Play offers insights into war
A play opening on Anzac Day aims to expose the horrors of war and encourage people to question the reasons for wars.
Gentler than a Rifle Butt is a challenging work with a strong anti-war message, say director Carol Winstanley and producer Renee Casserly.
“It makes us think about what and who we fight for, on a political level and an individual level,” says Renee, who also stars as a nurse in the play.
New Zealanders were fighting against a nation “they didn’t even know” at Gallipoli, says Renee.
Anzac commemorations on Waiheke
Anzac Day services this year will mark 100 years since the Gallipoli landings on 25 April, 1915, and are expected to draw large crowds.
Belgium Street and parts of Ostend Road will be closed to traffic from about 5am to 12pm on Saturday 25 April to accommodate two parades.
The dawn parade will proceed to the Ostend cenotaph at 5.45am and the civic service parade from 10.30am.
The parade will include a speech by Waitemata and Gulf councillor Mike Lee, a navy guard and the playing of the Last Post.
Commemorations, refreshments and entertainment will continue inside the Waiheke RSA throughout the day.
Veteran New Zealand playwright Dean Parker’s play, Gentler Than a Rifle Butt, will be performed at Ostend Memorial Hall at 4pm on Anzac Day, and again on 26 April.
Gallipoli, a multi-media Song Cycle will make its debut at Waiheke High School Hall on Saturday 25 April at 7.30pm.
Based on letters written by soldiers at Gallipoli, it was created as an original work by Waiheke-based pianist and composer John Mackay, with creative assistance from designer Bruce Woods.
Further performances of Gentler Than a Rifle Butt will be staged at Artworks Theatre in Oneroa on 1, 2 and 3 May, Rocky Bay Hall on 8 May and Rakino Community Hall on 9 May. •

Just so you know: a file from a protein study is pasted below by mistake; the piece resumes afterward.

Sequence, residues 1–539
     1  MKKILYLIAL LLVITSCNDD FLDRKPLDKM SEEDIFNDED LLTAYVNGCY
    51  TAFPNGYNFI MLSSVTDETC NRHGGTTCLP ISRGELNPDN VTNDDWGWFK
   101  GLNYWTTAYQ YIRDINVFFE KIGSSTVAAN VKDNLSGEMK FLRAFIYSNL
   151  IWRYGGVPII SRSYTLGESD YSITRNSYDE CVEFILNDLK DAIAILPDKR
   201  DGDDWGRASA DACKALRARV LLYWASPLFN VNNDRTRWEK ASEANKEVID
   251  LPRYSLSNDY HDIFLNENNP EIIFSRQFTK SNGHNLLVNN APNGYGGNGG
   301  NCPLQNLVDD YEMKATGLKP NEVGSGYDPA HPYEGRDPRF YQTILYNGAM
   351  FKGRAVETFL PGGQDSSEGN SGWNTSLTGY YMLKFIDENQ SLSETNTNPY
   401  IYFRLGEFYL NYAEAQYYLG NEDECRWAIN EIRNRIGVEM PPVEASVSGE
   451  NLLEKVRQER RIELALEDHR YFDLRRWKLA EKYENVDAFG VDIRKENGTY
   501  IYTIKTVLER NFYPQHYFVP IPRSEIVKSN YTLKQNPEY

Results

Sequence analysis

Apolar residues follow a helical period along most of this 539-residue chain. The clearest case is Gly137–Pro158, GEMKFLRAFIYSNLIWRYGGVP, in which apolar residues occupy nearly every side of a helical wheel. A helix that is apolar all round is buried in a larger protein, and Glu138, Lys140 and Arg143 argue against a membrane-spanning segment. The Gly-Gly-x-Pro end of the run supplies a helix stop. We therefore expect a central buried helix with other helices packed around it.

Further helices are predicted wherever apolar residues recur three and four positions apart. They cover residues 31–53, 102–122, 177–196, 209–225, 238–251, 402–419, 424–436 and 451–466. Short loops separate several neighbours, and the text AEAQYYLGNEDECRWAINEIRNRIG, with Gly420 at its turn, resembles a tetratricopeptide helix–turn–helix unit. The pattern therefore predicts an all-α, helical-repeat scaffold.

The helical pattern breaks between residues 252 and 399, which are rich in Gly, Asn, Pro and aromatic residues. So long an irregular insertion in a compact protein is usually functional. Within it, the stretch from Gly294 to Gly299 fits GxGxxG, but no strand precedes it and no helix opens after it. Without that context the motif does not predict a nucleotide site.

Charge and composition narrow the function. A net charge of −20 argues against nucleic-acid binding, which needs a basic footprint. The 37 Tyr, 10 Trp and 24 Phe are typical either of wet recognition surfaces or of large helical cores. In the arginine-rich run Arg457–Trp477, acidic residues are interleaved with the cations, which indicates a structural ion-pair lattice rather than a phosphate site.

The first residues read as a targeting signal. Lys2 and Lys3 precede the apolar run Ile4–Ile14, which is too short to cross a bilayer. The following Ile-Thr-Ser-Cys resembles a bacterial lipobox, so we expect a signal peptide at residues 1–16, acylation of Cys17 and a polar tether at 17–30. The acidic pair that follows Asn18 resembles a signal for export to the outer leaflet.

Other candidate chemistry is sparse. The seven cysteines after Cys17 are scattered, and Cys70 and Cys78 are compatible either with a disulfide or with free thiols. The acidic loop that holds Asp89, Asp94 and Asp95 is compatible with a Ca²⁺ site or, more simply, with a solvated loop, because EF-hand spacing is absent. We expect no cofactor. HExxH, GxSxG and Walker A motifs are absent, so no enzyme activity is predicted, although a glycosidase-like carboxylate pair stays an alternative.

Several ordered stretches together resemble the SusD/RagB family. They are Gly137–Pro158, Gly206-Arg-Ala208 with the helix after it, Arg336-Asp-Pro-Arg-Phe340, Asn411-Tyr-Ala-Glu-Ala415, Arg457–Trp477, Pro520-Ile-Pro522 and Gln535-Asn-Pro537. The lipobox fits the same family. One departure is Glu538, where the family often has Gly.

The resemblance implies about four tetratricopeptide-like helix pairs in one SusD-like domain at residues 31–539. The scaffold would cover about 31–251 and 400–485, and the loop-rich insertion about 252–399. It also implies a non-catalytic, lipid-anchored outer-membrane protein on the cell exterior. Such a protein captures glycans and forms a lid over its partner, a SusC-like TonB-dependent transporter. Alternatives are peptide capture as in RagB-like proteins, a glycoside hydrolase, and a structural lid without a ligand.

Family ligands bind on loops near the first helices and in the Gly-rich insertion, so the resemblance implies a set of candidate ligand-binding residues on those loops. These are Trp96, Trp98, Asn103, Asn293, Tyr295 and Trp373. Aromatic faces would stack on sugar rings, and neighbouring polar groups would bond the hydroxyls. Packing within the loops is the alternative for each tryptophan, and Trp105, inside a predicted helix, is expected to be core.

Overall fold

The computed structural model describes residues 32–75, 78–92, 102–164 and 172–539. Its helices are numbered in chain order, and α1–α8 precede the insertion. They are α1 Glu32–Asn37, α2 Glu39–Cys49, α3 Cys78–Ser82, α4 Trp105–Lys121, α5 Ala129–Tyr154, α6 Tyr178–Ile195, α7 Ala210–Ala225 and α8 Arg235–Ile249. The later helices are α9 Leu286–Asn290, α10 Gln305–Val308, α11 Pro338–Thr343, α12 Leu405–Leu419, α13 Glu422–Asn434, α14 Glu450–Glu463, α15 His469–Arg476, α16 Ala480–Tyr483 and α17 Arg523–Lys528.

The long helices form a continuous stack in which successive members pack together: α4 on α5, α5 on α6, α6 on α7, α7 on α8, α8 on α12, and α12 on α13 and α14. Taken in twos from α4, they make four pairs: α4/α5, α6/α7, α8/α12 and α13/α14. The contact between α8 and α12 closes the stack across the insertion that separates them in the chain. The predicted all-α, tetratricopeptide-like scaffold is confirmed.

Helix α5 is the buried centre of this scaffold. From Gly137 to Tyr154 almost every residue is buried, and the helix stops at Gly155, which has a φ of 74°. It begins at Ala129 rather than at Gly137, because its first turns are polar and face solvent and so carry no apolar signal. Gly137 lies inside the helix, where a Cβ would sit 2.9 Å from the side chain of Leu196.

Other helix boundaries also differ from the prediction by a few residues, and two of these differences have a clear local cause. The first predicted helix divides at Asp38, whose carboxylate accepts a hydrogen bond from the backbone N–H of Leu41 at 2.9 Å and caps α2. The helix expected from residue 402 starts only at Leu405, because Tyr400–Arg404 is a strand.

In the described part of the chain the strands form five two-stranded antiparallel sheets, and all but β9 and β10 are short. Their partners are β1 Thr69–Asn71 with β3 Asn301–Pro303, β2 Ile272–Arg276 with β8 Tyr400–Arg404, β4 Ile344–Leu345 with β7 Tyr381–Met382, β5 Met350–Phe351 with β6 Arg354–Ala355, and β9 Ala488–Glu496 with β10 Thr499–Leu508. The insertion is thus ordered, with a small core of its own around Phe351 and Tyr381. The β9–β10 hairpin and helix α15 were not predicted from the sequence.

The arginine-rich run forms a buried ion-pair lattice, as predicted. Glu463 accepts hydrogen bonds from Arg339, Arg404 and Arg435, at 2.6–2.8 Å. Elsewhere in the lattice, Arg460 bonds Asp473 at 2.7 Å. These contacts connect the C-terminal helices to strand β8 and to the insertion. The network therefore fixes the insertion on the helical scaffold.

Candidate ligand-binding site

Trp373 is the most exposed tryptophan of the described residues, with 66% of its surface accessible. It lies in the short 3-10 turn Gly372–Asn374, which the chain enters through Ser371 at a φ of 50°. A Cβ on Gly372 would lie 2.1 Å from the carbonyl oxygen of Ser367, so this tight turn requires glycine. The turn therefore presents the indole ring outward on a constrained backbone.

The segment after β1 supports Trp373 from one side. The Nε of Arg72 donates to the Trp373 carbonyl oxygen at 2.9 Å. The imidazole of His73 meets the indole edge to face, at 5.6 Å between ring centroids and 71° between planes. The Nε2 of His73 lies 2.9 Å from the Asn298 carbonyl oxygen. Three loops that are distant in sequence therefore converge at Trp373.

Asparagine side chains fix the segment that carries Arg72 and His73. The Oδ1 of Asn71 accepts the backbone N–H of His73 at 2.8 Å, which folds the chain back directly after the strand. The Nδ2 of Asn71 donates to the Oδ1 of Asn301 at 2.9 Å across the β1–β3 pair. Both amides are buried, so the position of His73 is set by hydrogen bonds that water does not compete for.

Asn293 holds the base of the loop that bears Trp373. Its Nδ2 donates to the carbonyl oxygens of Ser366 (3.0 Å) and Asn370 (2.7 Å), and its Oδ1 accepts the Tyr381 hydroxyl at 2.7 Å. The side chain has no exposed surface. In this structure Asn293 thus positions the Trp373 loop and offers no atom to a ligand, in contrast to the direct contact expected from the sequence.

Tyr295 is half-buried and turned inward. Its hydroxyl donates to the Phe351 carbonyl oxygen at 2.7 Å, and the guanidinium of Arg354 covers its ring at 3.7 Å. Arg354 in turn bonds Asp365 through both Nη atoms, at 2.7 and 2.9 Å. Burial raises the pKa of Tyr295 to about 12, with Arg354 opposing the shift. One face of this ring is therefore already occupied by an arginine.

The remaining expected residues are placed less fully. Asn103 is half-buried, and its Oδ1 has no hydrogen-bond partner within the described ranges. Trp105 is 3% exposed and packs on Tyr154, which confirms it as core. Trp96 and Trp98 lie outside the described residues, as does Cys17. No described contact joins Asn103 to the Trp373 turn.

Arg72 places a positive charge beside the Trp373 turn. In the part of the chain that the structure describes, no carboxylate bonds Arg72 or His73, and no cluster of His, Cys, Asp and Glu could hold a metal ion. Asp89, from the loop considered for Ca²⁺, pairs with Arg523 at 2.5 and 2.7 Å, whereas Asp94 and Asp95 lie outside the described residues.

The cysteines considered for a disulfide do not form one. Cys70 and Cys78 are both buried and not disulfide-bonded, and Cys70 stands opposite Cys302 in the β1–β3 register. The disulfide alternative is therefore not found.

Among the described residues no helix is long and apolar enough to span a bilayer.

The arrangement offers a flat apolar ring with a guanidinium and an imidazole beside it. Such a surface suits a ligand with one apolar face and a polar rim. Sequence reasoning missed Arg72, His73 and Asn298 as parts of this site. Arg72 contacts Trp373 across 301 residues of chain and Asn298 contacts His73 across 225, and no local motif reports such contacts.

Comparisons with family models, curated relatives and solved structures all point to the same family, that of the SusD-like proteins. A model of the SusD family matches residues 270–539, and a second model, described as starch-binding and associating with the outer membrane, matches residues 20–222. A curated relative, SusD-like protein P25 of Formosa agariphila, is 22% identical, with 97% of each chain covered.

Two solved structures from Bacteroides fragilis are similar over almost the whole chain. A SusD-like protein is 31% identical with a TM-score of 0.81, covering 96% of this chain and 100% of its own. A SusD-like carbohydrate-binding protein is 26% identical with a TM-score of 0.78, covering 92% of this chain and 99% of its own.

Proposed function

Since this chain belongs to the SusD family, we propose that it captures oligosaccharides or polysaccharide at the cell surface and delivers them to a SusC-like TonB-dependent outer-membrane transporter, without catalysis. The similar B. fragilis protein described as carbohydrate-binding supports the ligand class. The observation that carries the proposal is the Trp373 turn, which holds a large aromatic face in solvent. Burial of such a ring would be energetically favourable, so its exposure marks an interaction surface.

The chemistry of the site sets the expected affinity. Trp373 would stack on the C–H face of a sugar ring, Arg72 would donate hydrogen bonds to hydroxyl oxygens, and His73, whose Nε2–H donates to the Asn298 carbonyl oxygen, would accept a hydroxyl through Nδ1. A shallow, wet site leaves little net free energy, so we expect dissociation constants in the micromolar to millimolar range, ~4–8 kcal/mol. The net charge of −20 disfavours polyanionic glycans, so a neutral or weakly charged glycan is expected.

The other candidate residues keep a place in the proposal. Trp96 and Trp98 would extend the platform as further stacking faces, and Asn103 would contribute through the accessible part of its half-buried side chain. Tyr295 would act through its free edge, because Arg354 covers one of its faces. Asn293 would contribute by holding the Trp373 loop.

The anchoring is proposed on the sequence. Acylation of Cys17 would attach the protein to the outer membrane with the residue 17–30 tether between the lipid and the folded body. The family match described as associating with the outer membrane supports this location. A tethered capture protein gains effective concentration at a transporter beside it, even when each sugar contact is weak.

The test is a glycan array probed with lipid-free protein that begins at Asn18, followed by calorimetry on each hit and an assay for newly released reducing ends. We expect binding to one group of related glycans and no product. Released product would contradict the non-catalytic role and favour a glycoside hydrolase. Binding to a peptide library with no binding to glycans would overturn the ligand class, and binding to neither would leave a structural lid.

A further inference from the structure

Hair today, gone tomorrow for worthy cause
Waiheke’s Kim Campbell is “stoked” with the $1414 she has raised through Shave for a Cure.
The 50-year-old sacrificed her hair last month to raise money for Leukemia and Blood Cancer New Zealand.
Mrs Campbell began with a realistic fundraising goal of $500, then lifted her goal to $1000 – only to have her expectations exceeded.
She is among about 1000 people shaving their heads to raise money for leukemia research and care for patients and their families.
Chilean trip chance to become ‘global citizens’
Bathing in thermal pools in the Andes Mountains, making pottery in a rural village and a tour of Chile’s National Congress were just some of the experiences a group of Waiheke High School students had during their recent exchange trip to Chile.
The group of 16 students and two teachers, Catherine Attwood and Bill Godbout, have just returned from the school’s biennial exchange trip to South America with lots of stories and good memories.
Based in Chile’s capital city, Santiago, students had the chance to experience Chilean life by staying with their host brother or sister’s family, as well as attending lessons at Trewhela’s School, the high school’s sister school in Chile, which hosted the travelling group.